No, we did not dream the above caption. We found the account of the disaster in a newspaper clipping of 78 years ago, September 20, 1879. Like you, we rubbed our eyes in amazement, at first until we remembered Stouchsburg was once a port on the old Union Canal.
The story concerns one Capt. John Ringler and his steamboat. He set out from Reading to got to Lebanon via the Union Canal. At Stout’s Bridge, near Stouchsburg, the propeller of the boat become entangled in weeds which were choking the canal. It appears that the gull of the boat was raised higher than its normal level thus projecting the smokestack upward until it came in contact with the bridge and broke from its base. There was a great deal of hissing steam and smoke. The members of the crew became alarmed and deserted the boat, swimming to shore.
The presence of weeds in the canal bespeaks the gradual degeneration which canal traffic was suffering in 1879. A few years later the Union Canal was abandoned completely when Capt. John Zechman drove his boat, “Betty”, full force into the last locks on the canal at its eastern terminus which was at the spot where the Metropolitan Edison Plant now stands.
It may come as a surprise to readers to learn that the Schuykill Canal, operating between Pottsville and Philadelphia, was in use until comparatively recent times. Of course we know that cruising boats plied between Gibraltar and Monocacy as recently as 1940, using a segment of the old canal. But it may not be a matter of general knowledge that coal barges came down the canal from Pottsville to Reading as late as World War I and that a load of culm was brought to Reading from Pottsville as late as 1929!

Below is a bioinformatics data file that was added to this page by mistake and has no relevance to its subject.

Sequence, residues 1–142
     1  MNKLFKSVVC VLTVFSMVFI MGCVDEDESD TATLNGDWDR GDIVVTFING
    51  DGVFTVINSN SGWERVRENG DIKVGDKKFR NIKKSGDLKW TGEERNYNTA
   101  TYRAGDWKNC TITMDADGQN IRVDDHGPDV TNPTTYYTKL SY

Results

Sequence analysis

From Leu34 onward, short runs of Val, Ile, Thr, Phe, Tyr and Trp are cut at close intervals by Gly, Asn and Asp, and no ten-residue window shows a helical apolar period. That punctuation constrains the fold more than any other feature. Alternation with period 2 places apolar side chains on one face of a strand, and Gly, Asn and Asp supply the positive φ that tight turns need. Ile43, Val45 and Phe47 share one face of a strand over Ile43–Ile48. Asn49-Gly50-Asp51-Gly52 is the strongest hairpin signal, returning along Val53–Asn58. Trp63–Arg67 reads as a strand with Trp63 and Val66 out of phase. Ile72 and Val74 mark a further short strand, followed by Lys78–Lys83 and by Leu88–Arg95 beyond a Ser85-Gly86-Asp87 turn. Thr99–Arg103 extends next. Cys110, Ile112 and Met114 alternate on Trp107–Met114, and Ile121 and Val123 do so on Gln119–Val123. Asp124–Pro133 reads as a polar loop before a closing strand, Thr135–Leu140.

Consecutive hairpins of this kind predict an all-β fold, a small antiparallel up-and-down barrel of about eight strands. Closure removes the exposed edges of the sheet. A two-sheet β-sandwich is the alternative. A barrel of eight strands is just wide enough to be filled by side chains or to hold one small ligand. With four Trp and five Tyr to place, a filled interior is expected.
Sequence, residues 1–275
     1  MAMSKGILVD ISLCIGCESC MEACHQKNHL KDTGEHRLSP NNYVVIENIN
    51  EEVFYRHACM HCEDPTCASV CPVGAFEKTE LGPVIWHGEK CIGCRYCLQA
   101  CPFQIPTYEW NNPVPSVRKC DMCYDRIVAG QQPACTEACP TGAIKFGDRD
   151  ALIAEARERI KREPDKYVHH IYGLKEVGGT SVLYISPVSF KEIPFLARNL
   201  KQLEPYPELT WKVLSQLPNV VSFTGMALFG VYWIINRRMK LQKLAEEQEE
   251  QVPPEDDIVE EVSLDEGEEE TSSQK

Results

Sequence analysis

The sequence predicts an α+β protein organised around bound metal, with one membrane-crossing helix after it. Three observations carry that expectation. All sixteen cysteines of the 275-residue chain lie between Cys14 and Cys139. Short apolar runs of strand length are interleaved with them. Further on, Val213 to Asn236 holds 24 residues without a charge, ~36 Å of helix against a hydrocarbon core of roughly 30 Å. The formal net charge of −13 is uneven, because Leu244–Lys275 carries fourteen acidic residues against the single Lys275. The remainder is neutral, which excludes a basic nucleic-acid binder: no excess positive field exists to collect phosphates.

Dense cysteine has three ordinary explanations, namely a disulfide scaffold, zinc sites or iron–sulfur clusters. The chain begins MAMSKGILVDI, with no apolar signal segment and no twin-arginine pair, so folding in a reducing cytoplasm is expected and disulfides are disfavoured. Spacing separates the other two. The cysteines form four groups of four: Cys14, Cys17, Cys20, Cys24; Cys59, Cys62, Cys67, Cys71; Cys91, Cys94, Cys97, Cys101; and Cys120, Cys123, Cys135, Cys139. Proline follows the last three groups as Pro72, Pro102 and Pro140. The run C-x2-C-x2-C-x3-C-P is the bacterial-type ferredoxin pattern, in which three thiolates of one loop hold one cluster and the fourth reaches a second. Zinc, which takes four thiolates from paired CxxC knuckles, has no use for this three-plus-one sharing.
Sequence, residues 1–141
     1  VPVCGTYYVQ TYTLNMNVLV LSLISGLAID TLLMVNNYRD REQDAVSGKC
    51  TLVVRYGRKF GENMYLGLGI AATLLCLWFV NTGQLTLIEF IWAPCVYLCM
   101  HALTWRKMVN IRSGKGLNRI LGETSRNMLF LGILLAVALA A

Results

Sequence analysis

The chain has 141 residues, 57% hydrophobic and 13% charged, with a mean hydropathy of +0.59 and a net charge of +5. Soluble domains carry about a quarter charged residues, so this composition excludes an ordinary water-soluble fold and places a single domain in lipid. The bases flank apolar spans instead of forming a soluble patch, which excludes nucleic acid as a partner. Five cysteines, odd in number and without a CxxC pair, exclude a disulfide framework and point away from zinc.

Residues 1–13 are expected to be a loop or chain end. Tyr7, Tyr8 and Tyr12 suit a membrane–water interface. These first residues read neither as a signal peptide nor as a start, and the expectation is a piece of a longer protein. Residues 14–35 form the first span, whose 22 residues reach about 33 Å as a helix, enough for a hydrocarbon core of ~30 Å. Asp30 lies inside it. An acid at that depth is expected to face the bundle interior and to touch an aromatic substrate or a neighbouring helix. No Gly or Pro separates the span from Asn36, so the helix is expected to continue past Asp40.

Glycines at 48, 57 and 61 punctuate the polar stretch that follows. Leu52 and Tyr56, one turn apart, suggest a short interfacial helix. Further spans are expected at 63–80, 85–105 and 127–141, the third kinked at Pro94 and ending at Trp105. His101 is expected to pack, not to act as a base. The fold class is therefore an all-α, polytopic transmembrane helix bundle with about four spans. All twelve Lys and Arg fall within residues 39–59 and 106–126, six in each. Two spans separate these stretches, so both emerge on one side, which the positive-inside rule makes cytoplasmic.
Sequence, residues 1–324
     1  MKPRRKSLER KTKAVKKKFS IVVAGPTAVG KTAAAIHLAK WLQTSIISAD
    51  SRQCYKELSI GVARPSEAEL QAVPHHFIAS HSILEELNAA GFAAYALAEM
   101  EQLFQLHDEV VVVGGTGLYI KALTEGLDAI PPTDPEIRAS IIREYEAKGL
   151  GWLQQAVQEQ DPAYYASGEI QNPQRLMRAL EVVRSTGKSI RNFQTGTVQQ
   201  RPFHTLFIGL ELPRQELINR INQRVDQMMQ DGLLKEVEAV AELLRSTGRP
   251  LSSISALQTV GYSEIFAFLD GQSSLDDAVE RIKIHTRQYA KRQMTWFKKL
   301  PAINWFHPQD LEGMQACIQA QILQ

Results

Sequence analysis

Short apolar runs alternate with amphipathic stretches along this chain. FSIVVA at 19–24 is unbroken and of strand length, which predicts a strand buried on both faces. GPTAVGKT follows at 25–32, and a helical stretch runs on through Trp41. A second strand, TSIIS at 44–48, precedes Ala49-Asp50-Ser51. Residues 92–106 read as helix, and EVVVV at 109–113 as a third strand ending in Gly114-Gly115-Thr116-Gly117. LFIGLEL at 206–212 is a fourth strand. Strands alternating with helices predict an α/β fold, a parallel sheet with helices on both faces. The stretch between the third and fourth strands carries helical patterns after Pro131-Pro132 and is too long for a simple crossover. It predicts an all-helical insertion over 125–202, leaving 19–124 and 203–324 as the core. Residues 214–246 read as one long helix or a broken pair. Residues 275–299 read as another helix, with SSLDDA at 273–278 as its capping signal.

Within the past year the Reading Railroad has turned its canal properties over to the state. Now the Pennsylvania Historical Commission is attempting to collect all data concerning the canal in order that a complete history may be compiled. Persons who have such material in their possession are requested to make it available to the state archives. If any readers have material such as account books, ledgers, diaries, photographs and so forth, we will welcome correspondence leading to the deposit of the articles in the proper quarters.
Image Source: Courtesy of the Historical Society of Berks County.